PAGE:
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Jefferson Root Written by Jefferson Root
May. 20, 2011 | 2:07 PM

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When director Mark Wexler was interviewing legendary fitness guru Jack LaLanne for his new documentary, How to Live Forever, it appeared that LaLanne might do just that.  As one of the country’s most outspoken fitness and nutrition advocates, LaLanne had been preaching his own unique gospel of health for over four decades, and was still going strong at the age of 96.  Sadly, as Wexler’s film reveals, science may be making more significant anti-aging breakthroughs by the day, but death still has the upper hand for now.  LaLanne died earlier this year, but the footage of him in How to Live Forever offers one of many examples of people living life to the fullest.

Wexler’s urge to investigate the aging process starts with the loss of his mother.  A talented artist, Marian Witt-Wexler lapsed into depression after many of her works were destroyed by a canyon fire.  Her death inspired the director, who had just turned 50, to make a film investigating the many varied ways in which humans pursue longevity.

Many of his discoveries are surprising.  For every expected result, like the highly nutritious, low calorie diet in Okinawa, there’s one that startles.  We meet Buster, a 101 year old Brit who not only runs marathons, but seems to do it fueled by cigarettes and beer; a group of Japanese who are fighting off the specters of age using stuffed robot companions, and a couple of elderly women who claim their secret is “not eating meat and loving the Lord.”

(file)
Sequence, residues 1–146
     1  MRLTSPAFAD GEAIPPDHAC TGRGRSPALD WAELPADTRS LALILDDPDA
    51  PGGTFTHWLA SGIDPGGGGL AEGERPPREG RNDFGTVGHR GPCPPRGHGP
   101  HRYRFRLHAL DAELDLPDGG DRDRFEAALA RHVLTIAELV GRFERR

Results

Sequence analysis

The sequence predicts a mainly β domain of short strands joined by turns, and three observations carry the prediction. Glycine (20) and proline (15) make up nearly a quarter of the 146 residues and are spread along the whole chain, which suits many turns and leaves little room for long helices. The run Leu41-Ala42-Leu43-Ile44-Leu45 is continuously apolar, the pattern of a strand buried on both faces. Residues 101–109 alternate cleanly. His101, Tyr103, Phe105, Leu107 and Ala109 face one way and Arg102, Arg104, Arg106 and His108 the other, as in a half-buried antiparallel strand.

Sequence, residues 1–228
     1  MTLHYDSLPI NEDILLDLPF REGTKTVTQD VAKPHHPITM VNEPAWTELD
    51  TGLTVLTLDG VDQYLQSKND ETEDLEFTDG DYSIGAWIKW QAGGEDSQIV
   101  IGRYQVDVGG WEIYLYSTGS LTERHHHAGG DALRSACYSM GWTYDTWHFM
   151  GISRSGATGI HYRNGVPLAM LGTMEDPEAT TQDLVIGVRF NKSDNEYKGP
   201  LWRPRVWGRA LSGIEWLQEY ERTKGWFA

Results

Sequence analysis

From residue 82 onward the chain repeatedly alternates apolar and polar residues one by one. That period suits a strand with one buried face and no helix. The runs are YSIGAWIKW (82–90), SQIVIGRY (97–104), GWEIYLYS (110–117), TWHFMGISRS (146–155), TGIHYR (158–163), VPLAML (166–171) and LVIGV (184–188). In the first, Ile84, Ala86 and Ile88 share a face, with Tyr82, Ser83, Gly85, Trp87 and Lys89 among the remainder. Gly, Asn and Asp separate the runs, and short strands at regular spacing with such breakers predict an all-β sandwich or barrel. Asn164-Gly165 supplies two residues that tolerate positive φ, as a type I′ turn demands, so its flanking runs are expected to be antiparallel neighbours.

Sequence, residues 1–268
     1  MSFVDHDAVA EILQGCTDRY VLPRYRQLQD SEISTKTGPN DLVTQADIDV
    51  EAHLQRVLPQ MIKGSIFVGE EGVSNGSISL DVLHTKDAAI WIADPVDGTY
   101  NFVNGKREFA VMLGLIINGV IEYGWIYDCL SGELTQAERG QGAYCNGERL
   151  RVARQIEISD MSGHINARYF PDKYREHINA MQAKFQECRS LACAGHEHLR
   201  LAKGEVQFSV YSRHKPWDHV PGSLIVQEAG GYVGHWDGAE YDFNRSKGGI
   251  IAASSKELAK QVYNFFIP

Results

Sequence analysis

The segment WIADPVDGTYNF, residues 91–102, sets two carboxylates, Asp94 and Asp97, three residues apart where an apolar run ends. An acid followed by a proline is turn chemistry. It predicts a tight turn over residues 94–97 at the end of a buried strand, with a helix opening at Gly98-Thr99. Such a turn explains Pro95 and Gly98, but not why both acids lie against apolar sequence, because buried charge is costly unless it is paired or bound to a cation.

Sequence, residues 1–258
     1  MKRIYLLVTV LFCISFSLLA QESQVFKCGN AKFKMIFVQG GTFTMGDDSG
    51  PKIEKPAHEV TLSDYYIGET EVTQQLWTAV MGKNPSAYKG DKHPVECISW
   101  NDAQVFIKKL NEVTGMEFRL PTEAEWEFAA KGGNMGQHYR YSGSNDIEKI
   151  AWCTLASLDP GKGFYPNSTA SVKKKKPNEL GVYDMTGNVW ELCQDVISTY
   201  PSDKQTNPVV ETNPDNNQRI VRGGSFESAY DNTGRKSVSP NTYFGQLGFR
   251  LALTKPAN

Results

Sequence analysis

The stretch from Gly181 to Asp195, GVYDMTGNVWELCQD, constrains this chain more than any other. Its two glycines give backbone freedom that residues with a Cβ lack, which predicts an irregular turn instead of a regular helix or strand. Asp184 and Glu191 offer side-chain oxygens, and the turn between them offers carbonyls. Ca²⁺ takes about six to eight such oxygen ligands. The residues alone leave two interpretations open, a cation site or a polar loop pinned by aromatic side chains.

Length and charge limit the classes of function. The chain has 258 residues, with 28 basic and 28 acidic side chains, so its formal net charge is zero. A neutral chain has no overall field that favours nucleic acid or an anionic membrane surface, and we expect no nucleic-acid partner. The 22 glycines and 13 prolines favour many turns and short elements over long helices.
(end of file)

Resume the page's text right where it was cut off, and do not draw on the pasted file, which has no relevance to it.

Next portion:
Closer to home, Wexler secures interviews with such elder American icons as Suzanne Somers (a young 60), Ray Bradbury (87) and Phyllis Diller (90), all of whom seem to be aging with few signs of fear or regret.  Diller clearly believes in the healing power of laughter, while Bradbury comes across as a cheerful iconoclast who wakes up each day ready to go out “collecting truths.” 

In examining Science, Wexler also investigates schools of thought still in their infant stages. He pays a visit to the Alcor cryogenics facility in Arizona, where customers can have their brains or their whole bodies frozen for future re-animation.  This may seem like science fiction, but the whole body process costs a very real $150,000.  One customer reveals that he’s having a hard time convincing his wife to join him, but presses on in the hopes that he can become “part of history, and part of the future.”

Some attention is paid to the societal ramifications of an extended human lifespan.  Is the desire to live forever narcissistic, or simply an example of mankind ‘s evolving ingenuity?  What are the environmental consequences of eliminating death from the cycle of life? A few of Wexler’s interview subjects appear to have second thoughts about arresting the aging process, but the majority seem to agree that expanding life would be preferable.

How to Live Forever, while never less than engaging, occasionally stumbles when Wexler allows himself to become the focus.  The director is featured in the film a lot, both as interviewer and narrator, and there are moments of self-indulgence that could just as well have been left on the cutting room floor.  The film is at its best when it’s allowing its elderly subjects to speak for themselves, even as it comes to the only answer any of us have to the question of aging: “Wait and see.”

How to Live Forever opens Friday, May 20th at Laemmle’s Monica Fourplex in Santa Monica.  Director Mark Wexler will be present for audience discussion at several of the screenings this weekend.  For more information, visit the film’s website

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